Howard Wheeldon celebrates his favourite UK manufacturing story and identfies some key developments in its recent success.
Having waited in vein for a third volume of ‘A History of GKN’ which might bring the official story of what is surely the most remarkable survivor of the British manufacturing story up to date, it is with much pleasure that I welcome the recent publication of ‘GKN; The Making of A Business 1759-2009’ by my old friend Andrew Lorenz.
This fascinating account by Lorenz is not the ‘official’ third volume of GKN history – one that might have taken the story beyond the 1945 Plimsoll line that was left by Mr Edgar Jones in the second volume, published in 1990. It does go some way to bringing the GKN story up to date but Lorenz’ success in my view is that his account demonstrates why GKN should be regarded as the great survivor in the otherwise miserable post war story of British manufacturing.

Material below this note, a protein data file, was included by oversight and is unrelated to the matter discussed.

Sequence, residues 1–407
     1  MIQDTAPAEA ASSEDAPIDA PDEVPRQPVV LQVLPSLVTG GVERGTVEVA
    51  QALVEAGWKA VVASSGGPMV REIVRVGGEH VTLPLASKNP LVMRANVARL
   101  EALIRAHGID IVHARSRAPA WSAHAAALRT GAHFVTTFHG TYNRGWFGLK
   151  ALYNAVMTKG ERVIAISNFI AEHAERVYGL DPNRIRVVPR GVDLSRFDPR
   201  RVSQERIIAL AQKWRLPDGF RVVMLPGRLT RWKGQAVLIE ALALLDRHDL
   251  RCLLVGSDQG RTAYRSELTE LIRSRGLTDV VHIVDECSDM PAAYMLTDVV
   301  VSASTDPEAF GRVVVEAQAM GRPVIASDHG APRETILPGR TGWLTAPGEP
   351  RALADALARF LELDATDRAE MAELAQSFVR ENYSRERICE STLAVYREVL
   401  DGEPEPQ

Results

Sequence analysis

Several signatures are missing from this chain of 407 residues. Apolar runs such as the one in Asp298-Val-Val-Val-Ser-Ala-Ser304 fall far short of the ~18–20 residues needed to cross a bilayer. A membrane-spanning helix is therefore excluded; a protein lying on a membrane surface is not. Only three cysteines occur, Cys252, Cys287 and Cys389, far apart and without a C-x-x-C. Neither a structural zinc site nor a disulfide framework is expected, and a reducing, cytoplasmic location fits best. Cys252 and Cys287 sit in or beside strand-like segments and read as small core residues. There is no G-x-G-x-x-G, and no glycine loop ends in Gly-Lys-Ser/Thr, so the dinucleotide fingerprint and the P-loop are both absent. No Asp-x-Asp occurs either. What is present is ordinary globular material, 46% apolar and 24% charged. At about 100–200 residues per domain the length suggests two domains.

GKN – from woodscrews, nuts and bolts to automotive components, aerospace equipment and various products for the defence industry – is a company that has survived just about everything thrown at it because it has always been prepared to adapt and change. Although having routes dating back to 1759 [from the Welsh based Dowlais Iron Company] GKN has been recognised in its current form ever since the final merger that created what first became known as Guest, Keen and Nettlefold back in 1902. Having followed the various fortunes and failures of the UK engineering sector for over forty years now I find myself in complete agreement with Lorenz when he implies that the success of GKN is down to remarkable agility and the ability of two separate generations of management since the 1960s to recognise the constant need to adapt and change. The bottom line is that GKN has somehow always managed to shift away from mature or ailing businesses with remarkable speed as opposed to any attempt to hold on for too long to sacred cows that may by others have been regarded as a legacy that could not easily be dismissed. Out went nuts, bolts, steel and eventually other products and businesses such as auto parts distribution that either suffered miserably low margins or had little if any value added. Indeed, it is easy to forget that GKN slashed its workforce by almost a half over the period 1981-83 as it either closed or sold various subsidiaries. Just as I would myself, Lorenz highlights the great strength and foresight of then chairman Sir Trevor Holdsworth and various others that I have personally known well over the years such as Sir David Lees, Trevor Bonner, Alec Daly and the late Roy Roberts. Back at the ranch though, particularly under the seemingly ruthless Holdsworth regime, ably assisted by then Finance Director David Lees who later became both CEO and Chairman of GKN and is today chairman of Tate & Lyle, out went over reliance on not only the specific UK market but also much of the UK manufacturing base as well, unless divisional management could prove that it was truly competitive with international peers, despite often needing to suffer the rigours of damage that pound sterling could do. Quite rightly Lorenz also cites the move by GKN into automotive manufacturing through development of then West German based Uni-Cardan [a large driveline auto equipment manufacturer] as being principle amongst the forward momentum decisions and later successes that management took during the early 1980’s while at the same time the seemingly ruthless phase of closure and change took place.